"What would Sam Shankland play?"

Holt, Conrad 1-0 Akobian, Varuzhan
A game that was so complicated that it is difficult to annotate it! We recommend you go through this crazy game, but understanding it is very, very difficult.

Varuzhzan Akobian blundered in a very tough position to play

Pairings for Round Seven

Table White Rating Black Rating
1 GM Akobian, Varuzhan 2622 GM Troff, Kayden W 2532
2 GM Kamsky, Gata 2683 GM Holt, Conrad 2530
3 GM So, Wesley 2788 GM Onischuk, Alexander 2665
4 GM Naroditsky, Daniel 2633 GM Robson, Ray 2656
5 GM Shankland, Samuel L 2661 GM Gareev, Timur 2604
6 GM Sevian, Samuel 2531 GM Nakamura, Hikaru 2798


Replay Round Six Games

Select from the dropdown menu to replay the games

U.S. Women's Championship - Round Six

Table White Rating Black Rating
1 WCM Virkud, Apurva 2132 IM Goletiani, Rusudan 2311
2 WGM Sharevich, Anna 2267 GM Krush, Irina 2477
3 WIM Wang, Annie 1901 IM Paikidze, Nazi 2333
4 FM Melekhina, Alisa 2235 WIM Ni, Viktorija 2188
5 WGM Abrahamyan, Tatev 2322 WGM Foisor, Sabina 2235
6 WFM Yu, Jennifer R 2180 WGM Nemcova, Katerina 2279


Virkud, Apurva 0-1 Goletiani, Rusudan
White wasted so many moves with her dark-squared bishop in the opening it was not strange that she was massacred. At the end of the game White had yet to move her f1 bishop or her h1 rook.

When one side develops and the other one doesn't, bad things happen

Sharevich, Anna ½-½ Krush, Irina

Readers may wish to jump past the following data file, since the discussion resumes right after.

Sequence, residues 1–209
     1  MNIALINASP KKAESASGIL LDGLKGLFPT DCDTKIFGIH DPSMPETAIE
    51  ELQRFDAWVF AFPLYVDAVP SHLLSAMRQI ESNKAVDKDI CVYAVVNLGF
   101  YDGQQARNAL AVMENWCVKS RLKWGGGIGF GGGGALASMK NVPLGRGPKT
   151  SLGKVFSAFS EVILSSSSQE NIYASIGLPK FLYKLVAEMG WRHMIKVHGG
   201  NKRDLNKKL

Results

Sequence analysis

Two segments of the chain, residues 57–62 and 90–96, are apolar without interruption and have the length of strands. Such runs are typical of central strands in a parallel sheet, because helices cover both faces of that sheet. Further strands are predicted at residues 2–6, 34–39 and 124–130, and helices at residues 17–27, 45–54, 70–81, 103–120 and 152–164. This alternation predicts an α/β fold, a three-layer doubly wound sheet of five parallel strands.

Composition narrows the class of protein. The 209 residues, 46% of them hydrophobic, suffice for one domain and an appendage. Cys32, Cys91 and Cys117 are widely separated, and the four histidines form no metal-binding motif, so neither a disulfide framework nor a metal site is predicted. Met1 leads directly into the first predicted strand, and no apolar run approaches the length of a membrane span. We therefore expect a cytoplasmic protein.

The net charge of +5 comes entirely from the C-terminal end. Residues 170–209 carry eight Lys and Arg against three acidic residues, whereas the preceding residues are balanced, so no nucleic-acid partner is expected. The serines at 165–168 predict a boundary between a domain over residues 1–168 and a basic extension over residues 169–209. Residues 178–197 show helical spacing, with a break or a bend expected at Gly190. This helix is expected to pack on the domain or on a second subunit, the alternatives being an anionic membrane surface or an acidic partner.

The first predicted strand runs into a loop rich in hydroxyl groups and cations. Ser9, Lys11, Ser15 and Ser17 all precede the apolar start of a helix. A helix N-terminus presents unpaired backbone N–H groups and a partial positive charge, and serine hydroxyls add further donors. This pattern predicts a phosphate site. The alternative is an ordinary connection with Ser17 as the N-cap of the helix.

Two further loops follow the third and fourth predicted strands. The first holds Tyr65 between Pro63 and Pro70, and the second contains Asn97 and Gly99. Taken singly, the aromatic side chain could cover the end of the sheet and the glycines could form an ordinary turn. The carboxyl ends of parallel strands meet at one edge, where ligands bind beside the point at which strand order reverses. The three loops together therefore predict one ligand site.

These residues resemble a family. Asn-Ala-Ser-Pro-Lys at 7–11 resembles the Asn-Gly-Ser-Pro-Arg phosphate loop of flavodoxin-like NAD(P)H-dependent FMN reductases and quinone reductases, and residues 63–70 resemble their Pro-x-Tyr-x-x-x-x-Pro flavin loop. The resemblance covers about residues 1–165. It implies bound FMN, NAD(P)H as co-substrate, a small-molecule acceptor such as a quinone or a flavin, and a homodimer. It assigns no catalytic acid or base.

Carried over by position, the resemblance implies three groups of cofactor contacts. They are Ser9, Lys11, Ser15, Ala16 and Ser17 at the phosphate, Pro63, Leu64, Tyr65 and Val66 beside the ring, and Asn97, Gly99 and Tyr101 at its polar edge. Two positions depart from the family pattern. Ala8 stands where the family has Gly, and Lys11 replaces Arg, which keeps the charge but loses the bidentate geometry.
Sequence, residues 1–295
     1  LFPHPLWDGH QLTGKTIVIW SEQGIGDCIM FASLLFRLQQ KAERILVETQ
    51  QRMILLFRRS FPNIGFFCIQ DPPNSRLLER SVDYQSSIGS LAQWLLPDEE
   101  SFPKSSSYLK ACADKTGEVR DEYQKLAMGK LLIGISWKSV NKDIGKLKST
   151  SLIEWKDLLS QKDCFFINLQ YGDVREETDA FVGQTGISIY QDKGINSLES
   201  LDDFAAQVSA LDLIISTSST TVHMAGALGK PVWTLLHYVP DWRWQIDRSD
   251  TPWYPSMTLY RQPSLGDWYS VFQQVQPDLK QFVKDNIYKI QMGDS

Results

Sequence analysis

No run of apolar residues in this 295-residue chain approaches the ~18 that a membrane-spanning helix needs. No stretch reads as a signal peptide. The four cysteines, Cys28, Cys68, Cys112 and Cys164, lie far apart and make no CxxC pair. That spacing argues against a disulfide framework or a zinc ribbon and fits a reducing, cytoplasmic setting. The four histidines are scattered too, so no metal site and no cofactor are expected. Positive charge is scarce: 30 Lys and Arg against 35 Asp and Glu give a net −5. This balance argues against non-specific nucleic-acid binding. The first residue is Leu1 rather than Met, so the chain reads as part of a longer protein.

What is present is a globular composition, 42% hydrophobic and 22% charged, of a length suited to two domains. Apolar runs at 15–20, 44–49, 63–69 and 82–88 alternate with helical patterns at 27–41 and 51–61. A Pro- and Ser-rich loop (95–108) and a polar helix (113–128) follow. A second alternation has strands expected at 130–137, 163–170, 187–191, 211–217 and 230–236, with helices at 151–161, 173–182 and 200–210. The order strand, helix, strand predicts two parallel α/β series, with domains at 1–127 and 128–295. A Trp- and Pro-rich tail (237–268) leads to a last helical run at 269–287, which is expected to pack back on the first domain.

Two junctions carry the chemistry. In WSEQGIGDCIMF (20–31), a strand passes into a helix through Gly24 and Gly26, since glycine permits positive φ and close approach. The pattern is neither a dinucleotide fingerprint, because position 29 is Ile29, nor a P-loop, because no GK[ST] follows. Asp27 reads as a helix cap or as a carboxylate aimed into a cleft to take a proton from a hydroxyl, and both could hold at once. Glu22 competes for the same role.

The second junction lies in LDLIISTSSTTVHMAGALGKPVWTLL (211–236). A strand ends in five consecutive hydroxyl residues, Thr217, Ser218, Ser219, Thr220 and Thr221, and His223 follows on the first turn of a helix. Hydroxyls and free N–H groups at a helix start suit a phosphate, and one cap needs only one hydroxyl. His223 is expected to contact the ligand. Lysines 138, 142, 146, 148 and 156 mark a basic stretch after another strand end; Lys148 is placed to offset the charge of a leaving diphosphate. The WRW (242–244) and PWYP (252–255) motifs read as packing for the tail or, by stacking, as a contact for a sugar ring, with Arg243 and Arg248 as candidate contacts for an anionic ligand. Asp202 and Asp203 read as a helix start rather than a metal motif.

[Event "U.S. Womens Championship 2015"] [Site "Saint Louis"] [Date "2015.04.05"] [Round "6"] [White "Sharevich, Anna"] [Black "Krush, Irina"] [Result "1/2-1/2"] [WhiteElo "2267"] [BlackElo "2477"] [Annotator "Josh Friedel"] [PlyCount "97"] [EventDate "2015.??.??"] [EventCountry "USA"] [SourceDate "2015.02.07"] 1. d4 Nf6 2. c4 e6 3. g3 c5 4. d5 exd5 5. cxd5 d6 6. Nc3 g6 {Irina goes for a benoni, revealing her aggressive intentions.} 7. Nf3 Bg7 8. Bg2 O-O 9. O-O Re8 10. Bf4 Ne4 {Once again, she plays the most aggressive option. Na6 and a6 are slightly tamer options.} 11. Nxe4 Rxe4 12. Nd2 Rxf4 (12... Rb4 {is another option, but trying to grab b2 looks very unsafe. Amusingly, after} 13. a3 { most players opt for} Rxf4 $1 {I'll leave it to theoreticians to figure out whether a3 helps Black or White.}) 13. gxf4 Bxb2 {A typical exchange sac for the Benoni.} 14. Rb1 Bg7 15. Nc4 Na6 {This has been played a few times, and even the super solid Peter Leko has played this position as Black. That usually indicates it is a serious line.} 16. Qd2 $6 {I'm not sure how bad this move is objectively, but I don't think it is the correct approach to the position.} (16. e4 {or e4 within the next couple of moves is crucial I think. Black has a very easy plan of expanding on the queenside, and if allowed to do so she'll be in excellent shape. Therefore, I think it is very important to press quickly in the center with e4-e5 and create some threats against Black.}) 16... Bh6 $5 {I'm not 100% about this move, but I like the idea, which is to discourage e4-e5.} 17. e3 (17. Na5 $5 {was possibly a way to interrupt Black's plans.}) 17... b6 {From here on Sharevich doesn't play one terrible move, but she plays without a plan, and it allows Krush to simply build her position at her leisure.} 18. Rb3 Nc7 19. Re1 Ba6 20. Qc1 Qd7 21. Ra3 Bxc4 $1 (21... b5 { looks tempting, but White has a resource.} 22. Ne5 $1 dxe5 23. d6 {with counterplay.}) 22. Qxc4 b5 23. Qe2 (23. Qc1 {looks strange, but I think it is the best move. The idea is to threaten e4.} a5 24. e4 c4 25. Rh3 {and the position is unclear.}) 23... a5 {Now the pawns just roll.} 24. Rc3 a4 25. Qf3 b4 26. Rcc1 Nb5 27. Bh3 $6 {This helps Black.} (27. Bf1 {immediately was better, but White is still lost in my opinion.}) 27... Qb7 28. Bf1 Na3 29. e4 b3 {At this point, everyone and their mother thought that Irina would cruise to a smooth victory.} 30. axb3 axb3 31. Bd3 (31. Rc3 {was the best defense, but I think it only delays the inevitable.}) 31... b2 32. Rcd1 c4 33. Bb1 Qb4 34. e5 {White finally gets this move in, but it is almost 20 moves too late.} c3 35. Qd3 {The key for Black isn't so much to find the most accurate moves, but far more importantly to just not play bad ones.} Rc8 (35... Nxb1 36. Rxb1 Qc5 {is the easiest, threatening c2 which can't be stopped for very long.}) 36. Qa6 (36. Qh3 {is a nice fork, but after} Rf8 {White can't actually do anything. }) 36... Rd8 (36... Rf8 {I prefer putting the rook on a defended square.}) 37. e6 {Anna's last chance.} fxe6 $2 {No matter how awful the position, usually one slip is all it takes.} (37... Nxb1 {wins, as after} 38. e7 Rb8 39. e8=Q+ Rxe8 40. Rxe8+ Kg7 {White can't actually make any threats. For instance, if} 41. Qc8 Nd2 42. Rg8+ Kf6 43. Qd8+ Kf5 44. Qd7+ Kxf4 45. Qxf7+ Kg4 46. Qe6+ Kh4 47. Qe7+ Kh3 {and White is out of checks, since after} 48. Qe6+ Qg4+ {is check. Any engine will tell you these lines easily, but coming up with them over the board with the clock ticking is completely another ball game.}) 38. dxe6 { Somehow, the position is a draw now.} Nxb1 39. e7 Re8 40. Qc6 {The problem for Black is that her king is simply too open now.} Qb8 41. Rxd6 Nd2 {White has more than one path to a draw, but not the move that was played.} 42. Rxg6+ $2 ( 42. Rd8 Rxd8 43. e8=Q+ $1 (43. exd8=Q+ $2 Qxd8 44. Re8+ Bf8 $1 {wins for Black. }) 43... Rxe8 44. Rxe8+ Qxe8 (44... Bf8 $2 45. Rxb8 {and the rook covers the b1 square.}) 45. Qxe8+ {and Black can't avoid the checks.}) (42. Kg2 {is also a draw.}) 42... hxg6 $2 {A case of mutual blindness.} (42... Bg7 $1 {and White can resign. Or play} 43. Qd5+ Kh8 44. Rxg7 b1=Q {and then resign.}) 43. Qxg6+ { Now it is a draw once again, and there are no more surprises.} Bg7 44. Qe6+ Kh7 45. Qf5+ Kg8 46. Qd5+ Kh8 47. Qh5+ Kg8 48. Qd5+ Kh8 49. Qh5+ {and the players call it a day. Irina will really be kicking himself about this game, as she outplayed Anna for most of the game before missing several chances to finish the game.} 1/2-1/2